Texas Chainsaw Massacre: The Beginning, The (2006)
Directed by Jonathan Liebesman
Distributed by New Line Cinema
Marcus Nispel's remake of The Texas Chainsaw Massacre was completely unworthy of its title, a mindless teen slasher flick made for the sole purpose of cashing in on a classic horror name. Sure, it looked nice, but for all its faux grittiness the experience felt as generic and manufactured as any dumbed down Hollywood movie. The fact that it won any sort of acceptance still boggles the mind.
If you disagree with the above statement, then director Jonathan Liebesman is about to take you to school. The Texas Chainsaw Massacre: The Beginning is the real deal - the very film the remake aspired and failed to be. Not only is it the best installment in the Chainsaw canon since Tobe Hooper's original, it's also the most brutal film to ever emerge from a studio. No hyperbole. No bullshit.
Set in 1969, The Beginning follows Eric, a war veteran on his way back to Vietnam with reluctant brother Dean in tow. Accompanied by their girlfriends, the brothers set out on a cross-country drive but wind up in a horrible road accident along the way. Unfortunately for them, salvation comes in the form of Hoyt (R. Lee Ermey), a demented WWII vet who has killed all the town's lawmen and proclaimed himself sheriff. From there the youngsters are dragged to the house of the infamous Hewitt family, where they find themselves as livestock for nurtured killer Leatherface.
What makes this so much better than the previous film? For one, The Beginning doesn't look or feel like a slasher movie. Gone are most of the frustrating horror clichés as well as the stereotypes that made up the victim roster. Remember scream queen Jessica Biel, whose celeb status, moralist attitude, and glistening bod made her the sole survivor? Well, you won't find a single person like that here. Instead the characters are believable and sympathetic, which makes their predicament all the more gut-wrenching. The remake also lacked the sense of the Hewitts as a family unit along with their vicious cannibalism, both of which have been rectified here. Working from a story by splatterpunk icon David J. Schow, screenwriter Sheldon Turner hits all the right notes, infusing well written dialogue with the unrepentant cruelty and black humor so prevalent in Hooper's classic. By writing his characters as war veterans, Turner also injects a level of subtext and social commentary not commonly found in today's horror films.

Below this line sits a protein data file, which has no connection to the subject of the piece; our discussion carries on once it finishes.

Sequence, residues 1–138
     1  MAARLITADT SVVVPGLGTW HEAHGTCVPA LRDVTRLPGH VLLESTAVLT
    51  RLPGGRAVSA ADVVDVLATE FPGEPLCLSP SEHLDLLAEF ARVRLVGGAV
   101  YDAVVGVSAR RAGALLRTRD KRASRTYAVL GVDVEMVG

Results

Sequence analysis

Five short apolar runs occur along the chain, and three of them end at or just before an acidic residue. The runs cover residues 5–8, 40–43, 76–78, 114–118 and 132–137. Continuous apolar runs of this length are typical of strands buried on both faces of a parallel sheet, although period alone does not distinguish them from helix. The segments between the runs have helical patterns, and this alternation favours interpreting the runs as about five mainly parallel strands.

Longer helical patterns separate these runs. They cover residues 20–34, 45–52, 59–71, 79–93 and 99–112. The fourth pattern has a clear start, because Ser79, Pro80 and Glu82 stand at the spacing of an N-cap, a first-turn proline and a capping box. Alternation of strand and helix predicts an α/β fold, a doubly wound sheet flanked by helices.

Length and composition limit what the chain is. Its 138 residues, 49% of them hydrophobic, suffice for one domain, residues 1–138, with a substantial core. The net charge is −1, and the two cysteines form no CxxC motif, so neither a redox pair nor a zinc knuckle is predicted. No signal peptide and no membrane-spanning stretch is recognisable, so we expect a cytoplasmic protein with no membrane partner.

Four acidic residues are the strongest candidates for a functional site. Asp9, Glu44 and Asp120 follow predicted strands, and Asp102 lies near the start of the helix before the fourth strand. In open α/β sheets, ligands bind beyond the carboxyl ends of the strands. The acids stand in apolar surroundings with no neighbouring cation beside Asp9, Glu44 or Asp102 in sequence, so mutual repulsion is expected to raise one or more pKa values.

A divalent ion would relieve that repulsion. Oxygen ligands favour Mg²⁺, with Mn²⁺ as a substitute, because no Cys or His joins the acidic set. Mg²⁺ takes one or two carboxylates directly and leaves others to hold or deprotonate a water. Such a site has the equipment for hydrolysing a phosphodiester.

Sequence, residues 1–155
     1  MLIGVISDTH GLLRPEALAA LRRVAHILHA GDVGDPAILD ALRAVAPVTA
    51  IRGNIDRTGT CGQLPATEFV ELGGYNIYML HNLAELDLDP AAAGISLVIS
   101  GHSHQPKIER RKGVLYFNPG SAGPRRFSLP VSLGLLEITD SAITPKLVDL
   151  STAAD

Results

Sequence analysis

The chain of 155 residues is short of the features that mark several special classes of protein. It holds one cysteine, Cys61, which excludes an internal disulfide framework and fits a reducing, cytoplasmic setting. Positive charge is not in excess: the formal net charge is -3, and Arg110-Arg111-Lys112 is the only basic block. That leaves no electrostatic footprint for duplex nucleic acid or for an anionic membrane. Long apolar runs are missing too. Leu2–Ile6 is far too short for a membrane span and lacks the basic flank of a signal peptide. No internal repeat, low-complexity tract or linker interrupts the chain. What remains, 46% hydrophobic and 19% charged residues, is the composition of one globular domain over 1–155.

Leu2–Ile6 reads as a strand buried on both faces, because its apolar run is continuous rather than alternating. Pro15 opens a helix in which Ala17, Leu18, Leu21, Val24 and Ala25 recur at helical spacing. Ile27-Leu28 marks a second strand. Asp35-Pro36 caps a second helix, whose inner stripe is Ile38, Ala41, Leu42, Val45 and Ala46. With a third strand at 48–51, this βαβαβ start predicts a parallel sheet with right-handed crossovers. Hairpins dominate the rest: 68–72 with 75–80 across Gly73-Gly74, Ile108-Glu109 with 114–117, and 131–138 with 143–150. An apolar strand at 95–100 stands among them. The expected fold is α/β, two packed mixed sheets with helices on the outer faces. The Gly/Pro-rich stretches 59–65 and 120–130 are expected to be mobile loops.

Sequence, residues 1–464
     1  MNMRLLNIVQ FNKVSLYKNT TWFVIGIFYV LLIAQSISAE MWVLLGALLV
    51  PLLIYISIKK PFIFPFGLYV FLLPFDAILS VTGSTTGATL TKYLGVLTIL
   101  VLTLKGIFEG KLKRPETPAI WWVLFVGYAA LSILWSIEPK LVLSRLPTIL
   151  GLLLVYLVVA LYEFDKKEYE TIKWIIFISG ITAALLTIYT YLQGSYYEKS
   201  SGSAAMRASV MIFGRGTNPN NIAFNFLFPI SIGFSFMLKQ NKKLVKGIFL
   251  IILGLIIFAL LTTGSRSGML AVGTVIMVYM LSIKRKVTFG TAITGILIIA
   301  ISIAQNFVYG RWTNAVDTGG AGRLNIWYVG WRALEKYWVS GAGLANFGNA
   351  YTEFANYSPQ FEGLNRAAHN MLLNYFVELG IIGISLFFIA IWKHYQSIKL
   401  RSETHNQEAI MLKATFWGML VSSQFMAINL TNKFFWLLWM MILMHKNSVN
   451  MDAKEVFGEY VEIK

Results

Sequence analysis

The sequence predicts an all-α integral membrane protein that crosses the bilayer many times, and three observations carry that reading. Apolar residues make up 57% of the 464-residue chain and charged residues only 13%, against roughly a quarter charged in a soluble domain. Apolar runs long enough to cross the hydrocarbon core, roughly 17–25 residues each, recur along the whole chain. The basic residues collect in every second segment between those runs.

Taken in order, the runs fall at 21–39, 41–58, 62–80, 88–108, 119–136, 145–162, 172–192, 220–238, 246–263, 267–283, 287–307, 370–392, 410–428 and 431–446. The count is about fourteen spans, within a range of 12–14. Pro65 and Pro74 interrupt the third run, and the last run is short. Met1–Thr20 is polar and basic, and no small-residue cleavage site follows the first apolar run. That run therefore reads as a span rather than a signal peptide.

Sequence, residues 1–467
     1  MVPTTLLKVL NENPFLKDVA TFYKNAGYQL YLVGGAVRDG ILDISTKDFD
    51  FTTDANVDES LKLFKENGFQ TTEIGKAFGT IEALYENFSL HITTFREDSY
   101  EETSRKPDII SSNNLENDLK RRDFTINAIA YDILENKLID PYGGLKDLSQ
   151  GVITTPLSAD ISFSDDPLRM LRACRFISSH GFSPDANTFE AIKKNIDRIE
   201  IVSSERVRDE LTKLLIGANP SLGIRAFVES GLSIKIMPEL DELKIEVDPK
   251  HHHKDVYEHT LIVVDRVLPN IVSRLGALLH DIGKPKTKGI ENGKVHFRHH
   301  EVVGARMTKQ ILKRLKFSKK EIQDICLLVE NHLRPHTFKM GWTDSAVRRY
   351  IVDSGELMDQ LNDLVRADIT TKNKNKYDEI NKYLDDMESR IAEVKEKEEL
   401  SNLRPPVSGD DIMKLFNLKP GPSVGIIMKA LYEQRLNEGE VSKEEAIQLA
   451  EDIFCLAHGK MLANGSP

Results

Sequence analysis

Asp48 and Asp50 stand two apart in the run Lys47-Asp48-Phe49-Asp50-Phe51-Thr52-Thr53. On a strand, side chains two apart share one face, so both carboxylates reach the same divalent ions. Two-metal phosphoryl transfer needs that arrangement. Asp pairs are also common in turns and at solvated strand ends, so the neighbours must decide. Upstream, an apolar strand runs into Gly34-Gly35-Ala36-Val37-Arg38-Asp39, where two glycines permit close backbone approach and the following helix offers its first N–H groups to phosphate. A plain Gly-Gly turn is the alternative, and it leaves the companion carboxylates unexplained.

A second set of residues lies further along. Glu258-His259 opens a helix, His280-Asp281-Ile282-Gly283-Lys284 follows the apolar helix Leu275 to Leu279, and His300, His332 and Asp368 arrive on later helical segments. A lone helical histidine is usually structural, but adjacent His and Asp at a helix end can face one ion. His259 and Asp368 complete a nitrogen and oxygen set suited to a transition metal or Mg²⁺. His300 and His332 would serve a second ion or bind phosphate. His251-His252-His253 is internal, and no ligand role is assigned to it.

Jonathan Liebesman, previously screwed over with his debut feature Darkness Falls, has finally been allowed the creative reins and proves himself to be one of horror's great new filmmakers. His approach is raw and totally visceral; yet, he never falls victim to his own style. The cast is strong across the board, but it's R. Lee Ermey who once again steals the show while Andrew Bryniarski provides a more nuanced portrayal of Leatherface. This is a rare case of all the right talents coming together to produce something truly unforgettable.
Admittedly, the fact that this is a prequel carries one inevitable flaw: We already know the outcome going into the film. But Liebesman still manages to keep you on edge and, at the very least, avoids the rampant predictability of the previous film. This material is brutal beyond belief, and it's enough to make even the most jaded horror fan beg for mercy. In fact, the torture, gore, and sadism are more than enough to pop the question: If this is the R-rated version, what in God's name was left out?
Dark, savage, and nihilistic, this is the kind of ride that leaves you shaken and emotionally drained; and the fact that something like this escaped through the studio system is a bit of a movie miracle. The Texas Chainsaw Massacre: The Beginning is not only the biggest surprise of 2006, it may very well be the best horror film of the year.
4 out of 5
And for another point of view in full-color comic style, don't miss
Rick Tremble's take on the film in Motion Picture Purgatory!